Miami, FL

A Florida Restaurant Chain Is Suing Google for Pushing Orders to Delivery Services Rather Than Restaurant's Own Website

Toby Hazlewood

The restaurant taking on a tech giant

A Miami-based restaurant chain has decided to take on tech giant Google, for what it sees as unfair practices employed by its search engine, in a lawsuit filed in the Northern California District Court..

The Florida-based restaurant group called Left Field Holdings runs Lime Fresh Mexican Grill franchises and it is taking on Google for the way that its search engine uses what have been alleged as "bait and switch" tactics in directing customers to websites other than that of the restaurant chain itself.

What they object to, is that when a customer clicks on the 'Order Now' button against a restaurant's website listing in Google Search results, the button takes them through to third-party delivery companies such as Grubhub or Doordash rather than the restaurant's own website.

These delivery services then take a delivery commission from the restaurant of between 15 and 30%, where direct orders wouldn't cost the restaurant any commission.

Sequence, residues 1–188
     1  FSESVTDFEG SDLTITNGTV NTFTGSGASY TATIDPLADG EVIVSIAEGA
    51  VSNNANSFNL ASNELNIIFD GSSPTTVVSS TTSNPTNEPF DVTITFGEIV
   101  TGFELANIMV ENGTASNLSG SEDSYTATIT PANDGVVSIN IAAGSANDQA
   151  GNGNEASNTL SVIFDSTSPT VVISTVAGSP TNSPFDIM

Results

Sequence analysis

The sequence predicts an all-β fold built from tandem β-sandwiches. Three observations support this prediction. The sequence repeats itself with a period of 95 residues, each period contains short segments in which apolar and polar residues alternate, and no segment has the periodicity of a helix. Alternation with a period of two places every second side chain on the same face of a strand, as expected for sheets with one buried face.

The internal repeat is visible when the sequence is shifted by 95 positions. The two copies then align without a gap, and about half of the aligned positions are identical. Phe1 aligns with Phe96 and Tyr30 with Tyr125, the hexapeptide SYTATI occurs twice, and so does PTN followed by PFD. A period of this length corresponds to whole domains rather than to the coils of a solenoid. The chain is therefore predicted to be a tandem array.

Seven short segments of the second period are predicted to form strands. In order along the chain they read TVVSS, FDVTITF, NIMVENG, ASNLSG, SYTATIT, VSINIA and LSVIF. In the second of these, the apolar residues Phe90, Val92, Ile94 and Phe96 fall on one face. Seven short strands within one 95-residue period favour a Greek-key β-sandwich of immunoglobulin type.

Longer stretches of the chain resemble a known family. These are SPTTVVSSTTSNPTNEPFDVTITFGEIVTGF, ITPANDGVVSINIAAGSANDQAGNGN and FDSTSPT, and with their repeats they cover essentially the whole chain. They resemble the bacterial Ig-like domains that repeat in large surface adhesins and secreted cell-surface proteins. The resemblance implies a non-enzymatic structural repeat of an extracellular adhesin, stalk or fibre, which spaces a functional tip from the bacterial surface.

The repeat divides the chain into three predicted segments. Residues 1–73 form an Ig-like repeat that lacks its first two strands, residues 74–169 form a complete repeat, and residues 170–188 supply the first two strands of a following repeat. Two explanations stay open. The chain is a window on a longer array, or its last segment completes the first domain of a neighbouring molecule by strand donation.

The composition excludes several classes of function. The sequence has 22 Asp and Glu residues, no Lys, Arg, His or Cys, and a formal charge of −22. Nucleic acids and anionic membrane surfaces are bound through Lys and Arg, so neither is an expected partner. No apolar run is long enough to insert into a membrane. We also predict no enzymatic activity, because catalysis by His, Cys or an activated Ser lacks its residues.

Tactics to increase clicks

The lawsuit alleges that Google are acting in a way that appears to be misleading to customers, implying that there's a formal agreement between restaurants and Google themselves. In reality, Left Field Holdings' case is that the tech giant are acting solely with their own interests at heart.

“Google never bothered to obtain permission from the restaurants to sell their products online. Google purposefully designed its websites to appear to the user to be offered, sponsored, and approved by the restaurant, when they are not—a tactic, no doubt, employed by Google to increase orders and clicks.”

Does it matter?

The average customer ordering food to be delivered may not be bothered who takes their money or delivers their food, but it clearly makes a difference to restaurants if they have to pay large commissions of up to 30% of the order, to a delivery company.

If you're concerned about supporting your local restaurants then the advice seems to be to reach out to them direct and ensure that they get to keep all the money you're paying to them. As we come around to the one-year anniversary of the Great American Takeout initiative, it's worth bearing in mind if you're ordering takeout food in the near future!

Do you think consumers should be concerned over where their money goes provided they get the product or service they ordered? Do you feel that large tech companies like Google are too dominant in their hold over entire marketplaces? Let me know in the comments section below.

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